The header connector 30 is mounted on a circuit board 32 to provide a right angle connection thereto. The header connector 30 has a mating face 35, passages 31 to receive the contact silos 14 of the plug connector 10, side walls 34, and a top wall 36. The passages 31 are similarly shaped as the contact silos 14 to ensure proper orientation of the plug connectors 10 during mating. The two end passages are D-shaped having flat surfaces adjacent to the top wall to receive the D-shaped silos. The passages have contacts 33 therein. The contacts 33 have tails 37 which extend from the back 38 of the header connector 30 to provide a right angle electrical connection to the circuit board 32. The header connector 30 has U-shaped arms 39 extending from side walls 34 which are used to secure the connector to the circuit board 32. The connector 30 is secured onto the circuit board 32 so that the mating face 35 is near, but not in alignment with, the edge 29 of the circuit board 32. The header connector 30 further has lugs 28 disposed along the side walls 34 to engage the latching arms 18 when the connectors are fully mated.
The plug connector 10 further has two flanges 40 disposed along the top wall 20. The flange 40 has two sections. The first section 48 extends along the top wall 20 of the main body 12. The second section 50 extends beyond the front wall 27 of the main body 12, parallel to but spaced from the contact silos 14. The second section 50 has a bottom wall 46 which is above the level of the top wall 20 of the main body 12. This insures that there is room to receive the top wall 36 of the header connector 30 underneath the flange 40. The flanges have top walls 52 with ribs 42 disposed therealong. The flanges 40 have a back edge which is aligned with the back wall 26 of the connector 10 and the ribs 42 extend from the back edge all the way to the front edge 45 of the flange 40. The ribs 42 provide the flanges 40 with structural support to prevent the flanges from warping. The flanges 40 do not extend as far away from the main body 12 as the contact silos 40.
Next, the mating will be described when the plug connector 10 is in the correct orientation. When mated, the bottom wall 46 of the flange 40 is received along the top wall 36 of the header connector 30, see FIG. 3. The contact silos 14 are received in passages 31 of the header connector. The D-shaped silos 16 are received within similarly shaped passages in the header connector 30. The contacts of both connectors are then in electrical connection with each other.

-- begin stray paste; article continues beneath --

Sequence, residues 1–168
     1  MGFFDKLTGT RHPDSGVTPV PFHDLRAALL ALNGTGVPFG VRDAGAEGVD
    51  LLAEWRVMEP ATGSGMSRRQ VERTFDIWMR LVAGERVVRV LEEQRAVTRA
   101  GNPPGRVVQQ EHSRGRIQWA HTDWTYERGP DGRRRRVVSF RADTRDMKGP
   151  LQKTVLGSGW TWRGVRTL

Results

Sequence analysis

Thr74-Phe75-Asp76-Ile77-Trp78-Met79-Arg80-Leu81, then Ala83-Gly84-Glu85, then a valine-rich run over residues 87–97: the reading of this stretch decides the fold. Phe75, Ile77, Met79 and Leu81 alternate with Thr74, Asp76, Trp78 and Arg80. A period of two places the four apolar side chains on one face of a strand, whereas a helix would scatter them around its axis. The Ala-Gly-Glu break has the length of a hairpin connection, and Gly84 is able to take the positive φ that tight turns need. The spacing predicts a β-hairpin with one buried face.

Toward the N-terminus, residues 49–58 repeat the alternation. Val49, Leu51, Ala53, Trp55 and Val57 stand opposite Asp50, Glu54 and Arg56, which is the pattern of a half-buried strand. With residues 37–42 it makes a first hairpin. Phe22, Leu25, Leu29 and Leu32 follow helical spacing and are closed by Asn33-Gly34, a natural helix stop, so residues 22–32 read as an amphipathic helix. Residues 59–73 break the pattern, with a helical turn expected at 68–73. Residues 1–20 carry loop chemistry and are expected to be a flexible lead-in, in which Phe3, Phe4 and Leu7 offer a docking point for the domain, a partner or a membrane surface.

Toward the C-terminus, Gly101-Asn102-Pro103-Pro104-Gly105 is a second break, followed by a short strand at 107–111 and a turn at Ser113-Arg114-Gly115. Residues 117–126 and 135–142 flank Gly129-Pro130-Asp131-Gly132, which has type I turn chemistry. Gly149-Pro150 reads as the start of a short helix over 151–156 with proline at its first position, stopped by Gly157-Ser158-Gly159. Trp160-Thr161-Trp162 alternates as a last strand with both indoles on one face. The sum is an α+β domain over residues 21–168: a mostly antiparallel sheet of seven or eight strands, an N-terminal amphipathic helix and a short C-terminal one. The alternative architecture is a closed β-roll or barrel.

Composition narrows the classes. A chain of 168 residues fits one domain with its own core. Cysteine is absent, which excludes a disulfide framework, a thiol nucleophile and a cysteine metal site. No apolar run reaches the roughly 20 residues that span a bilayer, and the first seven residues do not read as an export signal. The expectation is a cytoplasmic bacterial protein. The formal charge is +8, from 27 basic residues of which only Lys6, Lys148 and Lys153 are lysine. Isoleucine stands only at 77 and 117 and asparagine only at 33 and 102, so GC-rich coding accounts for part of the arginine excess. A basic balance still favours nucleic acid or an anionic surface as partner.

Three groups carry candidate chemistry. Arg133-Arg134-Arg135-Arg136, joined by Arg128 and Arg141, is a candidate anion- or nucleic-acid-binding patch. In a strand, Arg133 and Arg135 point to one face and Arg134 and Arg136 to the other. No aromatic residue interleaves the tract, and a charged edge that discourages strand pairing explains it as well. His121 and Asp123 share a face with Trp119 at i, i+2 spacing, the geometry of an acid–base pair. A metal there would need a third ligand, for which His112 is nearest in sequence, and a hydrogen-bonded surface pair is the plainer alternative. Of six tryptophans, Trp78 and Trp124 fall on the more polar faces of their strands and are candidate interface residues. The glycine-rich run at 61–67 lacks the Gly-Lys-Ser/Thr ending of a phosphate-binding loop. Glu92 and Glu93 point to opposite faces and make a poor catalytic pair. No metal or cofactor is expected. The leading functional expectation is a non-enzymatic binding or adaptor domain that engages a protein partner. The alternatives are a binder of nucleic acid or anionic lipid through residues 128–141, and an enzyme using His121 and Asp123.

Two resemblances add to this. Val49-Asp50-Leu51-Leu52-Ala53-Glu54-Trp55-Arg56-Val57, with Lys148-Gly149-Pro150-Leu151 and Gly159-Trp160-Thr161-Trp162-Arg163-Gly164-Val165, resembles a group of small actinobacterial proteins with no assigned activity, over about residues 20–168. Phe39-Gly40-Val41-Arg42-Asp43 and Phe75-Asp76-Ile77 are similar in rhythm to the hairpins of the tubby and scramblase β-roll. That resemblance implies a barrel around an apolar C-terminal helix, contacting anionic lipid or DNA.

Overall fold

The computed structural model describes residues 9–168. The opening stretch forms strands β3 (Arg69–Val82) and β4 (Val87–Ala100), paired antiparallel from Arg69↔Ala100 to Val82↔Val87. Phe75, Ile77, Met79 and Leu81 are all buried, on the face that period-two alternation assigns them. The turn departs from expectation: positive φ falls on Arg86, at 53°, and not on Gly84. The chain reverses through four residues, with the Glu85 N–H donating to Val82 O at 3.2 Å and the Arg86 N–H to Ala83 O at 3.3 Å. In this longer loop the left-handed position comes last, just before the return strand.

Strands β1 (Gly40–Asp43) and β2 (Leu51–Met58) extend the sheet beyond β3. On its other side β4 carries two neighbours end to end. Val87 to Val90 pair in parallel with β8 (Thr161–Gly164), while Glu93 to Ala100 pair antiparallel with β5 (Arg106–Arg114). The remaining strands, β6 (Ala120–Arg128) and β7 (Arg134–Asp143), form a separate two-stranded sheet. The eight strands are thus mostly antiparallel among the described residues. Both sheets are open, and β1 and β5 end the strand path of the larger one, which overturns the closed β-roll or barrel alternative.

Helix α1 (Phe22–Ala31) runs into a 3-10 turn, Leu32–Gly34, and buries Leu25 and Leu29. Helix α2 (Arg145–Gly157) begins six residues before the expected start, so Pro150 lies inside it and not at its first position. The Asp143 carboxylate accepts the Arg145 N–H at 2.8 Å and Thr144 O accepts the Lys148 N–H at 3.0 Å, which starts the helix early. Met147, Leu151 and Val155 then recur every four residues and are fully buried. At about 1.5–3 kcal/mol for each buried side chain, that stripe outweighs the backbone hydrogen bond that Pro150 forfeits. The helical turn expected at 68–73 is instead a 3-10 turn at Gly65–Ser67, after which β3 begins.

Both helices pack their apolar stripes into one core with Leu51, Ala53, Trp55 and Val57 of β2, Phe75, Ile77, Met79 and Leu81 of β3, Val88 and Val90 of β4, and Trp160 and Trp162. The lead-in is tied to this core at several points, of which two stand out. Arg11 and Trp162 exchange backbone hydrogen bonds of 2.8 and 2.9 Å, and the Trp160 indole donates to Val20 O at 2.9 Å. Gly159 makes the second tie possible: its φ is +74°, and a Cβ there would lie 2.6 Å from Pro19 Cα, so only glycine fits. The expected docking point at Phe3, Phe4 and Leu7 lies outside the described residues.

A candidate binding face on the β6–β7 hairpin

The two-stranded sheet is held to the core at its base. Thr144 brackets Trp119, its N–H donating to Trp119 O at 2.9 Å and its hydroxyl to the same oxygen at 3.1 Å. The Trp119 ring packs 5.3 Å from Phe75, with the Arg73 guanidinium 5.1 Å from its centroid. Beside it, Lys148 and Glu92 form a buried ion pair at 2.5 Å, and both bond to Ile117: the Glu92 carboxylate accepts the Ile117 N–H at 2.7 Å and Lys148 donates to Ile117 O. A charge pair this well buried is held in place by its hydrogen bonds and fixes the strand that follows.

Under harsh, high humidity environmental conditions, it is sometimes possible for the D-shaped silos to become pliable and flexible. Therefore, under blind conditions, that is conditions in which the operator cannot see the connectors that are being mated, it is possible for the connectors to be forced together in the wrong direction despite the polarization of the D-shaped silos.
Using the current invention, when there is an attempt to improperly mate the plug connector 10 with the header connector 30, the flanges 40 will abut the front edge 34 of the circuit board. The mating face 35 of the header connector 30 is set back from the edge 29 of the circuit board 32 to the same extent as the second section 50 of the flanges 40 are shorter than the silos 14. Thus, the front edge 45 of the flange 40 will abut the circuit board 32 when leading edge of the contact silos 14 are flush with the mating face 35 of the header connector 30, thereby preventing the silos 14 from being inserted into the passages 31. The flanges 40 prevent electrical connection of the contacts 25 within the plug connector 10 with the contacts 33 within the header connector 30 because the flanges 40 engage the front edge 34 of the circuit board prior to electrical connection of the contacts. The flanges 40 act as a stop to prevent the plug connector 10 from being forced into improper connection with the header connector 30.
The flange plug connector of the present invention and many of the attendant advantages will be understood from the foregoing description. It is apparent that various changes may be made in the form, construction, and arrangement of parts thereof without departing from the spirit or scope of the invention, or sacrificing all of its material advantages.